Amy Non, PhD
Amy Non is a molecular anthropologist with an interest in researching the genetic and sociocultural contributors to racial inequalities in health. She received a Master of Public Health degree in Fall 2009 and received a PhD in anthropology from the University of Florida in August, 2010. Her dissertation addressed the relative contributions of genetic and sociocultural factors to explain racial disparities in hypertension in Puerto Rico and in the U.S., as well as the evolutionary history of human populations in the Horn of Africa and Arabia. As a RWJF Health & Society Scholar at Harvard, she investigated the biological consequences of racism and other psychosocial stressors, particularly during early life developmental stages, as well as investigated epigenetic modifications that may occur as a result of early life exposures to stressors that may ultimately be linked to the development of chronic diseases.
2018 Update: Amy is currently assistant professor of anthropology at University of California, San Diego.
Andrew Papachristos, PhD
Sociologist Andrew Papachristos focuses his studies on urban neighborhoods, social networks, street gangs, violent crime, and gun violence. His research uses social network analysis to the study of interpersonal violence, criminal organizations, and neighborhood level social processes. Andrew’s research has appeared in Foreign Policy, the American Journal of Sociology, Criminology & Public Policy, as well as other peer-reviewed journals and edited volumes. As a RWJF Health & Society Scholar, Andrew expanded his use of network analysis to the study “crime epidemics” in U.S. cities, paying particular attention to the way violence diffuses among populations of youth. He received his PhD in sociology from the University of Chicago (2007).
2018 Update: Andy is currently professor of sociology at Northwestern University.
Emily Shafer, PhD
Emily Fitzgibbons Shafer’s research explores the relationship between gender, marriage and family, and several behavioral and attitudinal outcomes, such as: employment, health and socio-political attitudes. To analyze these topics, she employs an interdisciplinary approach, drawing upon theories and methods from sociology, demography, economics and public health. In her dissertation she investigated the ways in which husbands’ influence wives’ labor force participation, the consequences of women’s surname choice in marriage, and the effect of marriage on body mass index and obesity by race and gender. As a RWJF Health & Society Scholar, she explored issues of gender inequality in families in regard to health. She received her PhD in sociology from Stanford University in 2010.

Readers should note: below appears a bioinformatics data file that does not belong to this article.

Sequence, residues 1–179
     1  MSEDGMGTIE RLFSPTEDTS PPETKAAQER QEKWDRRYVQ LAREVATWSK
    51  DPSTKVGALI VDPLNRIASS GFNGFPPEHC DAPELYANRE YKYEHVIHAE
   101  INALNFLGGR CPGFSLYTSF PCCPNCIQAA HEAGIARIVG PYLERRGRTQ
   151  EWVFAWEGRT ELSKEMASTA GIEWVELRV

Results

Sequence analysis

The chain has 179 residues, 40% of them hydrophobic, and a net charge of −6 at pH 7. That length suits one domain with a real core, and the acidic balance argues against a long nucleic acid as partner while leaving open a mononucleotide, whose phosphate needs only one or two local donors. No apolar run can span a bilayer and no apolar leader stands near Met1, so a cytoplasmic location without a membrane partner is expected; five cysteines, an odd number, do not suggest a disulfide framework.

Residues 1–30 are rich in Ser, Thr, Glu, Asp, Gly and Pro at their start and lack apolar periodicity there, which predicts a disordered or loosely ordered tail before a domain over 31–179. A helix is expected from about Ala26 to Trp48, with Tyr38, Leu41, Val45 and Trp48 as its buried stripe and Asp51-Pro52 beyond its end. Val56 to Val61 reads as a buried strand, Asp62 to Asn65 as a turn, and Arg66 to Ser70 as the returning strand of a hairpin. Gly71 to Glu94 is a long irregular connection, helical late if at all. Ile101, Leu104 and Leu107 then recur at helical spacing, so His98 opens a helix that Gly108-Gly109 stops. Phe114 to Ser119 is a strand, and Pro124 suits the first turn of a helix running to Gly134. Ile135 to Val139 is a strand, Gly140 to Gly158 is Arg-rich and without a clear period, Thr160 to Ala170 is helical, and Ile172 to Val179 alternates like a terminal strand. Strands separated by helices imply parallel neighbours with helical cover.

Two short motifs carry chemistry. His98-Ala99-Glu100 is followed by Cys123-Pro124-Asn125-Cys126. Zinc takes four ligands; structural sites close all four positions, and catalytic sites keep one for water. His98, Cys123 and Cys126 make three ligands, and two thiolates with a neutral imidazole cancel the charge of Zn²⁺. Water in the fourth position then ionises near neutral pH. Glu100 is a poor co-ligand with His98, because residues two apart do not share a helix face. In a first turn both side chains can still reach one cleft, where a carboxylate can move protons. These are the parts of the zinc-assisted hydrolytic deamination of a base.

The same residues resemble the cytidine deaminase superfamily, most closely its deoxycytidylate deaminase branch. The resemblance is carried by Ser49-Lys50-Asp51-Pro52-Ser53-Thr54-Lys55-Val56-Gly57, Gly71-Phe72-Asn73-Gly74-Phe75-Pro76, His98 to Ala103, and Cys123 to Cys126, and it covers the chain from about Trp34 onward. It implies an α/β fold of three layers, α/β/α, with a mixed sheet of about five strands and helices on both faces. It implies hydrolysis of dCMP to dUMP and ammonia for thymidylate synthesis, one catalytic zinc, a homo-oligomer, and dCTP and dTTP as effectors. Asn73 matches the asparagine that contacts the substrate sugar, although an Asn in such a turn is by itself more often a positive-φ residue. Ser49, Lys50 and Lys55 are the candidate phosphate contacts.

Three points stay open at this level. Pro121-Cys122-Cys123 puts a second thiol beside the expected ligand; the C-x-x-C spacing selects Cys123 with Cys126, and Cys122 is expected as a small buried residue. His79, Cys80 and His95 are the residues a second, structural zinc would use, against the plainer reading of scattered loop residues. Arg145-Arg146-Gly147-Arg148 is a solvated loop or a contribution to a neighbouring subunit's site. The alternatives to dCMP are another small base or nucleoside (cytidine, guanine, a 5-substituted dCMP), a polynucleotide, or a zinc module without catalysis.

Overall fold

2018 Update: Emily is currently an assistant professor of sociology at Portland State University.
Alexander Tsai, PhD, MD
Alex Tsai is interested in how mental health, physical health, and health behaviors are deeply intertwined. He recently completed two studies on how antidepressant medication treatment improves mood, antiretroviral adherence, and HIV outcomes among homeless people living with HIV in San Francisco. Currently he is studying the social and economic correlates of depression and HIV-related stigma in a cohort of Ugandans accessing antiretroviral therapy; community-based screening for postpartum depression in a South African township; and the relationships between agricultural productivity, food security, gender empowerment, and HIV outcomes in rural Kenya. Alex was awarded an MA in economics from the University of Toronto, and MD and PhD in health services research from Case Western Reserve University. He completed his residency training in general adult psychiatry at the University of California at San Francisco.
2018 update: Alex is currently an assistant professor of psychiatry at Harvard Medical School and a staff psychiatrist in the Massachusetts General Chester M. Pierce, MD Division of Global Psychiatry.
Summer Hawkins, PhD
Summer Sherburne Hawkins is an epidemiologist with an interest in addressing policy-relevant research questions in maternal and child health. In 2008, Summer completed her doctoral degree in epidemiology at the Institute of Child Health at University College London; her thesis examined individual-, family-, community-, and area-level risk factors for obesity in three-year-old British children. She has also developed studies examining the determinants of health behaviors during pregnancy, infant feeding practices, and health behaviors in young children. As a RWJF Health & Society Scholar, Summer continued to address health disparities in the field of maternal and child health.